Does the absence of a traditional or ROTH IRA mean no future IRA contributions? Let’s not give up so fast!Read More
By Frederick “Rick” Fisher, MS, CFP®
Over the years, we have had many clients ask, “Which should I invest in, a Roth IRA or traditional IRA?” They both are excellent retirement vehicles and generally can be invested in almost any asset. To illustrate the differences and determine which one is more appropriate, we will take the case of hypothetical clients, Jim & Sally Jones, and Roger Stevens.
Jim and Sally are a young couple starting out. They want to get an early start on retirement savings. Neither of their employers offer a retirement plan, so both are eligible for the tax deduction from a traditional IRA.
In order to determine which IRA is better for them, we needed to know their income and tax bracket. Since they are just starting out, their salaries are relatively low, and taxes are of secondary concern. In their case, a Roth IRA may be the better way to go, even though a Roth IRA contribution is not tax-deductible, while a traditional IRA is tax-deductible. The major benefit of a Roth IRA, however, is that under current law you are not taxed on distributions in retirement. Therefore, when they retire in 30 years, they will be able to start drawing on this account without an effect on their income tax. Assuming that income taxes will increase over time and that their income will be higher at retirement, this may be a significant benefit.
While the traditional IRA and Roth IRA both grow tax deferred, the main difference between the two is that you get the tax benefit upon contribution for the traditional IRA, and upon distribution for the Roth IRA.
Also, the contribution limits are the same. For 2019, the max you can contribute is $6,000 for those under 50 years old and $7,000 if you are 50 or over. There are income limits on Roth IRA contributions. For single filers the income limit is $137k Modified Adjusted Gross Income (MAGI), and for joint filers that increases to $203k.
For the Jones, this was not a concern. For Roger Stevens, it was.
Roger is 42 and investing in a new business that expects to make him between $120k and $150k this year. He likes the idea of tax-free income, because he has significant money in a 401(k), which like traditional IRAs, will be taxed upon distribution. He would like to have some flexibility regarding the tax treatment of retirement income.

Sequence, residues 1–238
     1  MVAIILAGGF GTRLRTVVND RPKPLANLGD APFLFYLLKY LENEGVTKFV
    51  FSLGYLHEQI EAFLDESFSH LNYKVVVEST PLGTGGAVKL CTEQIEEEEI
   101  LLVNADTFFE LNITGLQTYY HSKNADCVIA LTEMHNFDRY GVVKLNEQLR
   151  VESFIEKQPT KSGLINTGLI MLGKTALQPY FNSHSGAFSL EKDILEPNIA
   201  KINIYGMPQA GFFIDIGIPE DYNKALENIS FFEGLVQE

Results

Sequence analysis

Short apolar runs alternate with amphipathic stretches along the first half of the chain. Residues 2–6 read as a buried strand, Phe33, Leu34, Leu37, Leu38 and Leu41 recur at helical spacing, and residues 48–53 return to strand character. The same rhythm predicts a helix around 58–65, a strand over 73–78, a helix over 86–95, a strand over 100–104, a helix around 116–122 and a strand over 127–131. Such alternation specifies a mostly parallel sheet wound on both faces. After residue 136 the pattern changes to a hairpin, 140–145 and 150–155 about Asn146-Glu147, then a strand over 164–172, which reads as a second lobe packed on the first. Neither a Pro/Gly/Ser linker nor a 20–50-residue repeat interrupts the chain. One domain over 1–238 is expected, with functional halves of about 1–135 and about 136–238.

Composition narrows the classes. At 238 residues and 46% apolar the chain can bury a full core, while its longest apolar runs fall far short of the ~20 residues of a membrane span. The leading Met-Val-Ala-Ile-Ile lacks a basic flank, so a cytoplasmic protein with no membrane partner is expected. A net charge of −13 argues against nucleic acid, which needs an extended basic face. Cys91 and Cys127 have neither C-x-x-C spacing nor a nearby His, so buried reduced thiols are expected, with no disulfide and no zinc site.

We advised him to wait to determine his taxable income for this year and see if he qualifies for the Roth IRA. If not, he could still add to his traditional IRA, along with other plan options that are available. Since both plans allow prior year contributions up to April 15 of the following year, that buys Roger some time to make a decision.
Another advantage of the Roth IRA that both the Jones and Roger liked was that they are not forced to take money from the Roth IRA at 70½. They are forced, however, to take from a traditional IRA and most other retirement plans.
With this information, the Jones started Roth IRAs for themselves. Roger decided to wait to see where his MAGI for 2019 will be. If possible, he would then open a Roth IRA. If not, he would add to his existing traditional IRA.
Should you want advice on how to best allocate your tax advantaged retirement dollars, call our office for a complementary review.
The opinions voiced in this material are for general information only and are not intended to provide specific advice or recommendations for any individual. The Roth IRA offers tax deferral on any earnings in the account. Withdrawals from the account may be tax free, as long as they are considered qualified. Limitations and restrictions may apply. Withdrawals prior to age 59½ or prior to the account being opened for 5 years, whichever is later, may result in a 10% IRS penalty tax. Future tax laws can change at any time and may impact the benefits of Roth IRAs. Their tax treatment may change. Contributions to a traditional IRA may be tax deductible in the contribution year, with current income tax due at withdrawal. Withdrawals prior to age 59 ½ may result in a 10% IRS penalty tax in addition to current income tax. This is a hypothetical situation based on real life examples. Names and circumstances have been changed. To determine which investments or strategies may be appropriate for you, consult your financial advisor prior to investing.
Frederick Fisher is a Registered Representative with, and Securities offered through LPL Financial, Member FINRA/SIPC. Investment advice offered through Ostrofe Financial Consultants, Inc., a Registered Investment Advisor and separate entity from LPL Financial.
For questions or suggestions, contact Frederick at (530) 273-4425, or email@example.com, or visit ostrofefinancial.com. Branch address: 420 Sierra College Drive, Suite 200, Grass Valley.